The topic of “women” has become increasingly more and more popular. With movements like “MeToo” and “Times Up,” women have started to take a stance. In fact, in the United States 2018 midterm elections, more women were elected to political leadership positions than ever before. However, there is an area that is not commonly discussed concerning women: women and foreign policy.
For a long time, foreign policy was debated and implemented by men with little to no regard of how their decisions impacted women both in the United States and around the globe. However, the post-World War II era is often considered the beginning of true enforcement of human rights into international politics and foreign policy, and therefore can also be considered the time when women’s rights began to become a part of the international conversation.
In the years following the post-World War II era, the United States has made women and girls a cornerstone of our foreign policy. Not only is investing in women and girls the ethical decision, it is also a part of strategic thinking. It is healthy for development, for social, economic, and political progress, while advancing the interests of the United States.
In December 2011, President Barack Obama released a U.S. National Action Plan on Women, Peace and Security. The goal of these policies is to “empower half the world’s population as equal partners in preventing conflict and building peace in countries threatened and affected by war, violence and insecurity. Achieving this goal is critical to our national and global security. The plan included action to establish and improve policy and training on Women, Peace, and Security. For example, it advocated for the integration of women and gender perspectives in negotiations concerning conflict resolution, peacebuilding, and political transitions, including through delegations serving as a model. It also strived to build women’s capacity for roles in local and national government, the security sector, and civil society in conflict-affected environments, while supporting NGOs that advocate on behalf of women’s participation in decision-making. The Plan included several other objectives to achieve global security in a direct relation to women.
In March 2012, Secretary of State Hillary Clinton released the first Secretarial Policy Guidance on Promoting Gender Equality to Achieve our National Security and Foreign Policy Objectives. In the report, the U.S. National Security states, “Countries are more powerful and prosperous when women are accorded full and equal rights and opportunity.” Evidence shows that investment in women’s health, employment, and education are correlated with greater economic growth and more successful development outcomes. The policy requests bureaus and embassies to strengthen participation and leadership opportunities for women in local and national government processes, civil society, and international and multilateral forums; to increase the potential of women to bolster economic development by addressing the structural and social impediments that stop women from contributing to economic systems. The report also requests the agencies to draw on both men and women in peacemaking, peacekeeping and peacebuilding.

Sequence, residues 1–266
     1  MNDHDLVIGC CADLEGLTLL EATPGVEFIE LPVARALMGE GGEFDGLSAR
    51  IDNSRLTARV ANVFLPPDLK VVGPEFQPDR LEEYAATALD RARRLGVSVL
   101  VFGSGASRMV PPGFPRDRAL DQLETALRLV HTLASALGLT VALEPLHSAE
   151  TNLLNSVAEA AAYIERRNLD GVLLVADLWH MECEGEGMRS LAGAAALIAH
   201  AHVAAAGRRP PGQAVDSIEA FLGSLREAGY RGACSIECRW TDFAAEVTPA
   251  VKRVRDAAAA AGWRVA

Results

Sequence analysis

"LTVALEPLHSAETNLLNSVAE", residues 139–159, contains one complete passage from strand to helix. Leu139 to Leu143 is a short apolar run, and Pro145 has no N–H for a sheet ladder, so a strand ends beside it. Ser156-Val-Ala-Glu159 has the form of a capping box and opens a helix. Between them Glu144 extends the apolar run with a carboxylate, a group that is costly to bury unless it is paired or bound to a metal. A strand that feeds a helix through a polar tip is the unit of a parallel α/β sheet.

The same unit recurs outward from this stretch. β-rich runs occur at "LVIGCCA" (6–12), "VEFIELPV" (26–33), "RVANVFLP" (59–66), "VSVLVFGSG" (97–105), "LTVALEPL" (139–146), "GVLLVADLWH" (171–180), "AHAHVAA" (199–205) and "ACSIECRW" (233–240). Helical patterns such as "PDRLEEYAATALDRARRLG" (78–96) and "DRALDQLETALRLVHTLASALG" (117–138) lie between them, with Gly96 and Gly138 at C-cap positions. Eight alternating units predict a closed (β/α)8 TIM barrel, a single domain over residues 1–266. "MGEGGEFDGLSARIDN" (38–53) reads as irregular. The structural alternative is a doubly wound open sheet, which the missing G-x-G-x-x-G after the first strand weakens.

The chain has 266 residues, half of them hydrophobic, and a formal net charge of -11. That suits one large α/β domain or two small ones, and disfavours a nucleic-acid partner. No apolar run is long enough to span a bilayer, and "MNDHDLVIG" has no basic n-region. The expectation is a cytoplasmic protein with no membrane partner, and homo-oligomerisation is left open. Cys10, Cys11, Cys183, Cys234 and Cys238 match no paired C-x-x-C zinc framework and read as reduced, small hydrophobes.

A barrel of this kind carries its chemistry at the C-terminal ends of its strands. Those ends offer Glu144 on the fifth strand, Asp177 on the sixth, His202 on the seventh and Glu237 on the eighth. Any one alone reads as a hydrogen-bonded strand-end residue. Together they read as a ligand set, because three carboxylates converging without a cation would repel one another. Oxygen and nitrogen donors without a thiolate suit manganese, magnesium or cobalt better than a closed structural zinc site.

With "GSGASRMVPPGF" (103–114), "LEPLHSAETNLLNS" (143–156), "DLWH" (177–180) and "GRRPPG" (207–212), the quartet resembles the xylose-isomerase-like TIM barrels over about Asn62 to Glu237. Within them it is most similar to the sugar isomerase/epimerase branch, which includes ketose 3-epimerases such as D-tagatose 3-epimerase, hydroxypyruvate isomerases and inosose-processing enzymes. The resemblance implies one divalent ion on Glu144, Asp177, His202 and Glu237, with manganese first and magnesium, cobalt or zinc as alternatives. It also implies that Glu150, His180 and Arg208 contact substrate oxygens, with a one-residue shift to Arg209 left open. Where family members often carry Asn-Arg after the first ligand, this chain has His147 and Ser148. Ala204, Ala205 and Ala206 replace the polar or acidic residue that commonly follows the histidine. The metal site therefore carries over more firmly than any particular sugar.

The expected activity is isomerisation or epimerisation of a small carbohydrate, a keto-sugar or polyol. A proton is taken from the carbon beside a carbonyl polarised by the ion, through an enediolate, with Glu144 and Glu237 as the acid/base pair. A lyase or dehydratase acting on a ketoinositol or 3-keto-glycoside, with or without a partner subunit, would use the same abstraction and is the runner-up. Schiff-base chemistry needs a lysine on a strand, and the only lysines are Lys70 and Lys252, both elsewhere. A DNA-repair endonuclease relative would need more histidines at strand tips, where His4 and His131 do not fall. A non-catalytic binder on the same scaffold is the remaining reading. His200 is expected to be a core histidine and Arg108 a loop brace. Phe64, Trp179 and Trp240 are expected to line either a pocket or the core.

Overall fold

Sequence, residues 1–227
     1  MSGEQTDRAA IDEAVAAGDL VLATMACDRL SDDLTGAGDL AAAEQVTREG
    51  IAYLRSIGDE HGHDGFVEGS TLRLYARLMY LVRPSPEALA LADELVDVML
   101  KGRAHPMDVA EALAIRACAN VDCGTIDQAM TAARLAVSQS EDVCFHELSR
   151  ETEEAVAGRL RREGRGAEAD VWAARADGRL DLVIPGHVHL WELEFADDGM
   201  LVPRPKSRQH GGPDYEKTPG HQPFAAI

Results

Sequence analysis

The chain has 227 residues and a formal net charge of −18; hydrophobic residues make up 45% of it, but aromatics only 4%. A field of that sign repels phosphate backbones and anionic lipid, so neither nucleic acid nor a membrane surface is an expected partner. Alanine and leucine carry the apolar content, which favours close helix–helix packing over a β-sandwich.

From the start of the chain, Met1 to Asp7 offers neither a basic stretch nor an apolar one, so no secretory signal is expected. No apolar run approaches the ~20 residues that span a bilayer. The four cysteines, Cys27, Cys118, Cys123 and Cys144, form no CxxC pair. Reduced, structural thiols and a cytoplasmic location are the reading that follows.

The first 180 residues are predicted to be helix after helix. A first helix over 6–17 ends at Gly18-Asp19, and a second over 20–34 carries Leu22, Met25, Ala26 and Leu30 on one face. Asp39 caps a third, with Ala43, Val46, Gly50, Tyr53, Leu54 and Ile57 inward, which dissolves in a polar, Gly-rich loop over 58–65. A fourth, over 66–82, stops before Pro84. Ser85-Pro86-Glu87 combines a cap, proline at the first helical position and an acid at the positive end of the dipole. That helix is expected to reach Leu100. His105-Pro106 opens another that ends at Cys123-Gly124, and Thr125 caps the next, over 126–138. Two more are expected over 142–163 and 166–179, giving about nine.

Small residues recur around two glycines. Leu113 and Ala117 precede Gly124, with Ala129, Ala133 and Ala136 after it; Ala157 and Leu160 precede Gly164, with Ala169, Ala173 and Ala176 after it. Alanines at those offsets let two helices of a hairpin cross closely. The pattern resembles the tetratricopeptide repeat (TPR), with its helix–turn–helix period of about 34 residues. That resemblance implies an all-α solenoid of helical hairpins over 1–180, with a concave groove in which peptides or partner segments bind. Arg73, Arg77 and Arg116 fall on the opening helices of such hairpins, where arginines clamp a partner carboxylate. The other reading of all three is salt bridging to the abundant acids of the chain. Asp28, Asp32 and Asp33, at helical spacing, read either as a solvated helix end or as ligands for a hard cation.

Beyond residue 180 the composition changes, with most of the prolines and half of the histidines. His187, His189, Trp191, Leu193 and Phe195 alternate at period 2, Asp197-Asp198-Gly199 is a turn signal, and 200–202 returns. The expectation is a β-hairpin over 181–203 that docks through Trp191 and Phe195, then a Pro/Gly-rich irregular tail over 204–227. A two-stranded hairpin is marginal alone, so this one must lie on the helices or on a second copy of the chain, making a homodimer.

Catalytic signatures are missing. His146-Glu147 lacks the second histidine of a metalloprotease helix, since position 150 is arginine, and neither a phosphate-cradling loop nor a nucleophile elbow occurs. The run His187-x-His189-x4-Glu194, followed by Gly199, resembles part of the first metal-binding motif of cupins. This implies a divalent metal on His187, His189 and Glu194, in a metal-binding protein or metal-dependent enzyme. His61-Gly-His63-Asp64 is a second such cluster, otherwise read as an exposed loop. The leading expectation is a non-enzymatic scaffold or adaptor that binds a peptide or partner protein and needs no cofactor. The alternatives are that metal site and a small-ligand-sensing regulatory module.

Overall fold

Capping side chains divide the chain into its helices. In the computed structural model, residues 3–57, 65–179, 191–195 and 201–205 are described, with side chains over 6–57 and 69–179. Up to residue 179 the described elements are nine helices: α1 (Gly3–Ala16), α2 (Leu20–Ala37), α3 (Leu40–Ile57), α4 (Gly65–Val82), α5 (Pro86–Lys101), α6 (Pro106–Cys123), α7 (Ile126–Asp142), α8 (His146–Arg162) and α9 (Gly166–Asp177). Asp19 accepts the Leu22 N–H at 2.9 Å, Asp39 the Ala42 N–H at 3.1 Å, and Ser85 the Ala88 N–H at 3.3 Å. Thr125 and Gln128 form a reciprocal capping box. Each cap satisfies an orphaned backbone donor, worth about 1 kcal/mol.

Both of these policy plans serve as an excellent example of the United States’ commitment to a foreign policy that empowers both women and girls. The Obama administration heightened women’s issues on the United States foreign policy agenda based on the belief that expanding and ensuring women’s rights is consistent with American values and necessary to national security.
However, there is still more work to be done. In September 2017, the Department of Political Science and the Tisch College of Civic Life, explored how the public views the role of women’s rights in U.S. foreign policy by conducting a representative survey of 1,000 Americans. The results were staggering, 85 percent of those surveyed considered promoting the rights of women and girls a very high priority. When given a choice among the rights that the United States should promote, 51 percent ranked women’s rights as first or second, second only to “free and open elections” and ahead of freedom of religion, freedom of the press, and the rights of workers and unions. This survey exemplifies the importance women play in American opinions and preferences.
Closing the gap in foreign policy matters, and women being put in positions to make key foreign policy decisions is vital. But why? On a base line level, representation is an issue of fairness. Women should be hired, promoted, and invited when qualified and capable of doing the job. Women are still significantly underrepresented in foreign policy and national security positions in government.
The continuing progress in creating opportunities for women in leadership positions in national security has occurred under both Republican and Democratic administrations. President Ronald Reagan appointed the first female U.S. Secretary of State, Madeline K. Albright in 1997. Fifteen years earlier, Reagan appointed Ambassador Jeane J. Kirkpatrick as the U.S. Representative to the United Nations. Since then, women have held positions of Secretary of State, Secretary of Homeland Security, and USAID Administrator, as well as several other positions at State, Defense, and the NSC.
Significant progress has been made, and the key to continuing the upward trend is by mentoring and training younger women to demand a place in the foreign policy world. With an increasingly globalized and complex world demanding creative and varied solutions, there will be more and more opportunities and requirements for women to sit at the foreign policy decision-making table.